their religious character, and prac-
tically warns others that they are
not commercially inclined, as they
are without more money than is
actually needed for the purposes
of their journey. They wear broad hats to protect them from the sun,
and their garments, usually of white material, are stamped with mystic
characters to symbolize the particular divinity in whose honor the journey
Tillage after village was passed by our young adventurers and their
FILGK1MS OX THK KOAO.
JAPANESE HARVEST SCENE.
older companion, and many scenes of Japanese domestic life were un-
folded to their eyes. At one place some men were engaged in removing
the hulls from freshly gathered rice. The grain was in large tubs, made
of a section of a tree hollowed out, and the labor was performed by beating
the grain with huge mallets. The process was necessarily slow, and re-
quired a great deal of patience. This mode of hulling rice has been in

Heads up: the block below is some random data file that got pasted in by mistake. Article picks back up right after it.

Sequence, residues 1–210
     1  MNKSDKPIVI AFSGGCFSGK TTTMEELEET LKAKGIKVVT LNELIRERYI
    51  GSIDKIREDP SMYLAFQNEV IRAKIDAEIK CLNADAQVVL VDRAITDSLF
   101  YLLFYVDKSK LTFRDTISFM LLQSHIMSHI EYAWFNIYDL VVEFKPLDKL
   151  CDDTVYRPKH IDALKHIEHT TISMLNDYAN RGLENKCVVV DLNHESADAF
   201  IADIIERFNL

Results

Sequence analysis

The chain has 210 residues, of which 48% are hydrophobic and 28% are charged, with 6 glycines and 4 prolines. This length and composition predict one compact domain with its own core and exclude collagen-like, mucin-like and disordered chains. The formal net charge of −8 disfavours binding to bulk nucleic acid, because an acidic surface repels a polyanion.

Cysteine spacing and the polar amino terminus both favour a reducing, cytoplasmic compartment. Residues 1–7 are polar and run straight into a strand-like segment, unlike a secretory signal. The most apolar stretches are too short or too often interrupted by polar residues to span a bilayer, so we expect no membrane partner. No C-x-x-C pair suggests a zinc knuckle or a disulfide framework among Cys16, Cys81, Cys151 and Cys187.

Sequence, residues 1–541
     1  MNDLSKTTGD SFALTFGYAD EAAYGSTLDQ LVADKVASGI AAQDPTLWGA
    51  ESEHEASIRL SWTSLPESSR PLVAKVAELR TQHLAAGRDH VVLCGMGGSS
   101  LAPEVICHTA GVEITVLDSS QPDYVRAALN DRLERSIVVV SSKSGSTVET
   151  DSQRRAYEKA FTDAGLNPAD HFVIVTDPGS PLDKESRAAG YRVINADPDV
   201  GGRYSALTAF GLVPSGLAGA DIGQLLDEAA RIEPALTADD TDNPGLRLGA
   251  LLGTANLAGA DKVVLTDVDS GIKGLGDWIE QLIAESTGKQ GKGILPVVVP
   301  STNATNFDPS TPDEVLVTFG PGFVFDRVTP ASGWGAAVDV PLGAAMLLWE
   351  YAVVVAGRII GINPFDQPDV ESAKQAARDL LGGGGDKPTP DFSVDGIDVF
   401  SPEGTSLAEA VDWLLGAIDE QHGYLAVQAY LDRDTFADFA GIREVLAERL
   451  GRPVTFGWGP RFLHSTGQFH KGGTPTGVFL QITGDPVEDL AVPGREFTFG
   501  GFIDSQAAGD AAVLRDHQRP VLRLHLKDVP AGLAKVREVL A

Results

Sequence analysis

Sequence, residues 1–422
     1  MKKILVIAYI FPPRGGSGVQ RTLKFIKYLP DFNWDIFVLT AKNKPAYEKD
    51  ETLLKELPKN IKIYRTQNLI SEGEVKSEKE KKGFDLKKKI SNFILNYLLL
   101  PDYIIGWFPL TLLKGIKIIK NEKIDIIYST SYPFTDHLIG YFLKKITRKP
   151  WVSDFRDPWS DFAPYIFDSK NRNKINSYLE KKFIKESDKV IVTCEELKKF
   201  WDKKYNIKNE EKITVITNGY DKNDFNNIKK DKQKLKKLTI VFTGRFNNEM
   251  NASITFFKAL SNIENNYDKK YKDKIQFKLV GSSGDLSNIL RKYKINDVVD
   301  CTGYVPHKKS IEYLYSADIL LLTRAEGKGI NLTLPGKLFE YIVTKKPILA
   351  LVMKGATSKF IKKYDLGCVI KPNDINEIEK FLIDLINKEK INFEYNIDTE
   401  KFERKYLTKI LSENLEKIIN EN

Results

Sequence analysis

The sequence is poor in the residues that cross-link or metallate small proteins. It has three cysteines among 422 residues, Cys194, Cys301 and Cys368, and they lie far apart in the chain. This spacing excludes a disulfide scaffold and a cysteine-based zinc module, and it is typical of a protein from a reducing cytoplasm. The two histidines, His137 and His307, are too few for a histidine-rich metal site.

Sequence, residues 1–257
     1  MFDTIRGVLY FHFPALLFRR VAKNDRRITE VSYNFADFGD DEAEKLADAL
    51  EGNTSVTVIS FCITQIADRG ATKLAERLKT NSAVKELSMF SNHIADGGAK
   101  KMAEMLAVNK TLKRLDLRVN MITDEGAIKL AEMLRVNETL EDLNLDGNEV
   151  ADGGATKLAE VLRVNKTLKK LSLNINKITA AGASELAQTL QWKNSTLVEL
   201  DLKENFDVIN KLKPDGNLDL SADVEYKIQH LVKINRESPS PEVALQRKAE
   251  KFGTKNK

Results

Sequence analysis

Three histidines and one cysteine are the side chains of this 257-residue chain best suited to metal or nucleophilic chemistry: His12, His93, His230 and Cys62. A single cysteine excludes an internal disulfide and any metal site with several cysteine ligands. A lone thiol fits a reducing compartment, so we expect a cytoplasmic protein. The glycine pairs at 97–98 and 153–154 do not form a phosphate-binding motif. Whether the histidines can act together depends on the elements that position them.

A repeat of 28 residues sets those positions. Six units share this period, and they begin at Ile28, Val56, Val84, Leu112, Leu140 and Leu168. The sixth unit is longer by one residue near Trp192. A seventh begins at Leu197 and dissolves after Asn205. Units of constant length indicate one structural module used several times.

use in Japan for hundreds of years, and will probably continue for hun-
dreds of years to come in spite of the improved machinery that is being
introduced by foreigners. Rice is the principal article of food used in
Japan, and many people have hardly tasted anything else in the whole
course of their lives. The opening of the foreign market has largely in-
creased the cost of rice ; and in this way the entrance of Japan into the
family of nations has brought great hardships upon the laboring classes.
It costs three times as much for a poor man to support his family as it did
before the advent of the strangers, and there has not been a corresponding
advance in wages. Life for the coolie was bad enough under the old form
of government, and he had much to complain of. His condition has not
been bettered by the new order of things, according to the observation
of impartial foreigners who reside in Yokohama and other of the open
About ten miles out from Yokohama the party turned from the To-
kaido, and took a route through the fields. They found the track rather
narrow in places ; and on one occasion, when they met a party in jin-riki-
shas, it became necessary to step to the ground to allow the vehicles to be
lifted around. Then, too, there had been a heavy rain the storm that
cut short their visit to Tokio ; and in some places the road had been
THE BOY TRAVELLERS.
washed out so that they were obliged to walk around the breaks. Their
journey was consequently somewhat retarded; but they did not mind